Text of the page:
It’s a debate as old as the TV industry: do people watch shows or networks?
For decades, the debate has been heated and, if we’re being honest, dramatically over-simplified. Passionate programming and development people have been adamant that “content is king,” the centerpiece of success. A TV network without any hit shows, they contend, is never going to be successful.
Equally passionate (but, admittedly, usually much better-looking) marketing people have argued that viewers seek-out networks they know and connect with, and that without a powerful network brand, they would never watch any of the shows – no matter how great they are.
Fast forward to 2014. While the majority of viewing still happens on linear TV, consumers now have more viewing options than ever before. Hundreds of linear channels. Thousands of shows available instantly with a remote click thanks to DVRs and VOD. Tens of thousands of viewing choices on Netflix, Hulu, Amazon Prime, YouTube and every TV network’s own site and app. Some have even dubbed the last couple of years “the new golden age of television,” with more and more shows that rival or even surpass Hollywood films in quality.
With so much great content available on so many devices and platforms, it’s time to resurface the debate: do people watch shows or brands? (See what I did there? Replaced the old-school term “networks” with “brands.”)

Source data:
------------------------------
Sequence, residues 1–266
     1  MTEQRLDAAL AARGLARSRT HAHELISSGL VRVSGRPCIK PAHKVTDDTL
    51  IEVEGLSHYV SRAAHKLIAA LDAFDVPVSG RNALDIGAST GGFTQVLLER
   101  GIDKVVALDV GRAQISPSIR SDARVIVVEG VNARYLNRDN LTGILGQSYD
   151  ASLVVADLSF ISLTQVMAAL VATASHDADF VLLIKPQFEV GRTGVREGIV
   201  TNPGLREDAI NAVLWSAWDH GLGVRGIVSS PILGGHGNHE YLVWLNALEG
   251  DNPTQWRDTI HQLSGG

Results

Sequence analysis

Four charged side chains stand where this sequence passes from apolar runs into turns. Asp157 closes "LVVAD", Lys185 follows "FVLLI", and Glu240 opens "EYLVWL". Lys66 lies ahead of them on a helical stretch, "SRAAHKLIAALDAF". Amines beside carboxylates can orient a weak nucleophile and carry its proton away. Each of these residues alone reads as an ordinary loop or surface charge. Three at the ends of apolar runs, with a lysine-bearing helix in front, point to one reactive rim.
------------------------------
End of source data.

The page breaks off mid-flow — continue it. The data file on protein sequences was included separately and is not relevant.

In my view, the answer is simple (and the same one it’s always been): people watch both.
But I also believe that in today’s hyper-competitive and cluttered world, brands matter more than ever before.
Historically, the more cluttered a category becomes, the more important brands become. Without the benefit of brands, consumers are lost, overwhelmed by choice. Without brands, we would have no idea what shampoo formulation will be best for our hair…which coffee shop is likely to meet our exacting expectations…or which sneakers are the perfect fit for our unique personal style.
Video content is no different.
When we’re faced with a barrage of viewing options, human nature is to freeze up. What’s good? What’s bad? What should I watch?
It’s the feeling we’ve all experienced browsing through the stream of “Recommended for you” titles on Netflix. We scroll through once. Twice. Three times. We don’t recognize most of the titles. The ones we do we’ve either seen already or have no interest in watching – at least not today. We scroll down to other categories. Repeat. 15 minutes later, frustrated and tired, we turn off our device and start a new game of Candy Crush.
But what happens when content is organized by brands we know and love? We suddenly perk up and become more engaged. “Hey look – Comedy Central has a new sketch show. I wonder if it’s a funny as Key & Peele?” Or “Wow – there are a bunch of new AMC shows. I love Mad Men – and that new show looks really good!”
Like any other cluttered category, media brands help us cut though the confusion, help us filter, help us hone-in on content we’re likely to love, and ultimately help us discover new content that we might otherwise pass by. With more content choices than ever before, we need brands more than ever before.
And of course, once you find it, the content better be king-worthy. Even in 2014, the most powerful brands can’t make you like something that sucks.
So what do people watch? Shows? Brands? In the brave new world of endless places to watch endless hours of great TV, the answer is the same it’s always been: Yes. And yes.
Walter Levitt is Chief Marketing Officer for Comedy Central.